From APS victims to Sabeen Mahmud: Honouring all who have been taken away from us
I write this from the #IamSabeen vigil at Do Talwar.
It has been 17 days since I have been present here daily from 8pm to 9pm.
I come to celebrate Sabeen, to grieve her death, to find comfort in fellow protesters and to tell the world that I have not forgotten her.
Perhaps all that they gather, the people who stream by, is that I lost someone that meant a great deal to me; enough that myself and others are compelled to come here every day.
No, she meant even more than that to me and for a few seconds, as they circle Do Talwar, these people’s lives revolve around Sabeen. For those seconds, I share something with our audience. For my life not only revolves around Sabeen, but is transformed by her.
Every day I meet new people who feel compelled to come to the vigil. They are also in her orbit. With every day, I grow to appreciate more deeply how essential Sabeen was to so many of us.
I met Sabeen somewhere in 1999/2000 and her effect on my life was instant. I fell in admiration with her. I fell in respect with her. I fell in love with her. Her tenacity, courage and impetus were contagious to say the least. She was a doer who inspired action, despised mediocrity and tardiness. She was not a perfectionist, but she was a catalyst; a game changer. She stood for all of us, for our rights, security, freedom and thought. I did not see her often, but I did not need to. She was an effective communicator, she was an efficient muezzin. Her religion was love.
Her loss is personal but it is also political. When I tell people about the tragedy, they often offer up names of people snatched away from them. I learn and am reminded of other injustices: the murder of two Karachi University professors, Dr Wahidur Rehman and Dr Shakeel Auj; the killing of Parveen Rahman; the murder of HRCP lawyer Rashid Rehman; the brutal killing of reporter Saleem Shehzad, Salman Taseer and many others; Shia, Ismaili, Bora, Baloch, Hindu and Christian killings.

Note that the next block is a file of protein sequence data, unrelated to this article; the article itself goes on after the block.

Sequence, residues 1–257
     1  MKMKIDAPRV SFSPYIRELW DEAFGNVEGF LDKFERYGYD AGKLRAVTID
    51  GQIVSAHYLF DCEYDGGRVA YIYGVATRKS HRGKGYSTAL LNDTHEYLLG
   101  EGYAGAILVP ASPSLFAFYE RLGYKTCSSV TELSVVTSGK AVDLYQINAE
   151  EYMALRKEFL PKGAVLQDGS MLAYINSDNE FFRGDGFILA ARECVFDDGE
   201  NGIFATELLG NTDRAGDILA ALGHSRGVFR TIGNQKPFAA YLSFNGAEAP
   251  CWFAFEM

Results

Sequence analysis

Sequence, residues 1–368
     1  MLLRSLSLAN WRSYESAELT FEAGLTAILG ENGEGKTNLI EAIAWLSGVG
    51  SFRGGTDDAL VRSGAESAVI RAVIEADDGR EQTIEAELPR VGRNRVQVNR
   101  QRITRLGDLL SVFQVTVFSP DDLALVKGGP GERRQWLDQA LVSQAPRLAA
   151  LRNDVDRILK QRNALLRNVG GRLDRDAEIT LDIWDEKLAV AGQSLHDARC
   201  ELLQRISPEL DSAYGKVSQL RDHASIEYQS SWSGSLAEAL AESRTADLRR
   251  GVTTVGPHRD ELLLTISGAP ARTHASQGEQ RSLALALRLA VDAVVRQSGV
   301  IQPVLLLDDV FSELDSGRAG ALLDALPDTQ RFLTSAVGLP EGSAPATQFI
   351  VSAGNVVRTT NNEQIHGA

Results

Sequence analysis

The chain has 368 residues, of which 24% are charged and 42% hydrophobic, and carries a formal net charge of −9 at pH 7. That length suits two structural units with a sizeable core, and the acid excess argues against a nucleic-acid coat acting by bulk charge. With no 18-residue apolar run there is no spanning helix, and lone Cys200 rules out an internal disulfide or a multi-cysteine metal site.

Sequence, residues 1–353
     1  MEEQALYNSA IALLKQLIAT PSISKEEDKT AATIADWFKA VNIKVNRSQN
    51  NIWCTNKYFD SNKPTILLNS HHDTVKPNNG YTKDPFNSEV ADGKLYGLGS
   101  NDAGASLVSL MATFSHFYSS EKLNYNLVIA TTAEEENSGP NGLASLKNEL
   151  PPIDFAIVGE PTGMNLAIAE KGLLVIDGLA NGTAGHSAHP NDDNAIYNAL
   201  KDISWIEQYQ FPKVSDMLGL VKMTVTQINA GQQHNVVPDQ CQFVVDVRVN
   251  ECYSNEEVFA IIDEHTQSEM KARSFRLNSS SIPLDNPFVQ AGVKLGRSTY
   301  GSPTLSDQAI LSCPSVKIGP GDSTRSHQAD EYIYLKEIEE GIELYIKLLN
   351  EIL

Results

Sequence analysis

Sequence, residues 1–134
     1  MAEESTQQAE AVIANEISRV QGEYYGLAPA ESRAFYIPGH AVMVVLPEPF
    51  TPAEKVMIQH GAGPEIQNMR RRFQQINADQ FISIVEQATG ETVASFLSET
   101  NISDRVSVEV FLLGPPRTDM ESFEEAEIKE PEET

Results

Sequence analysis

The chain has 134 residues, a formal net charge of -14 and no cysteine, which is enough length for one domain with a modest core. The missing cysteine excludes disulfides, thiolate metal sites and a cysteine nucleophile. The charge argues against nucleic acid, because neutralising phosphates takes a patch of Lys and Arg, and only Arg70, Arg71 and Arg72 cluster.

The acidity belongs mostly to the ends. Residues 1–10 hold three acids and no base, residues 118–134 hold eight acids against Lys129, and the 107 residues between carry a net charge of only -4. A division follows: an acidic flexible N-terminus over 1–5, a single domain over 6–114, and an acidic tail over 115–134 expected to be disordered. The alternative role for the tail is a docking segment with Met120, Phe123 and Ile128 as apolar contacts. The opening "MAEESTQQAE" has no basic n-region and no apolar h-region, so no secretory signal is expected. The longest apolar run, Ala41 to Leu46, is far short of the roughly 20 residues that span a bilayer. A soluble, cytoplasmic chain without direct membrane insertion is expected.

Immense as my grief is, I am confronted with the fact that there is a long history of enforced silences on those who speak up in this country. Through this collective sorrow, I am able to grasp more fully the human tragedy behind missing persons in Balochistan, Sindh, and nationwide.
I want justice for Sabeen. Nonetheless, I also want justice for those people who have been killed for speaking, resisting or even simply existing. I want justice for the 145 victims of the Army Public School massacre, the 45 Ismailis gunned down at Safoora Goth, the thousands who have lost their lives to terrorism, sectarian violence, opaque state-led wars and patriarchal violence. I want the State to know that it is duty bound to provide us safety.
On Saturday, May 16, I will be joining a memorial march organised by the Concerned Citizens of Peace to commemorate the five-month anniversary of the APS attack and to remember all those who have been killed in acts of violence, random or planned.
In a national climate where silence and censorship are becoming the norm, enforced through violence, intimidation, and perverse laws, we will march for freedom of expression and freedom from oppression.
I urge you all to join me and become us; the people who stood for their own civic rights.
Many have said to me that protests are futile and they do not accomplish anything. I say to them that we may all be members of the same country by dint of our NICs, but we cannot be a community until we share in each other’s grief and honour each other’s losses.
Come and become a part of the community with those who have lost people they cared about and those who are losing the country they care about.
I believe nothing will change until we’re all willing to die for each other rather than live for ourselves.
In numbers we will draw strength and solace. In speaking we will push back the walls of silence drawing around us, even if temporarily. In showing up, we will celebrate the great courage and lasting influence of those who have been killed.
This is change enough for me; I pray this is change for us.
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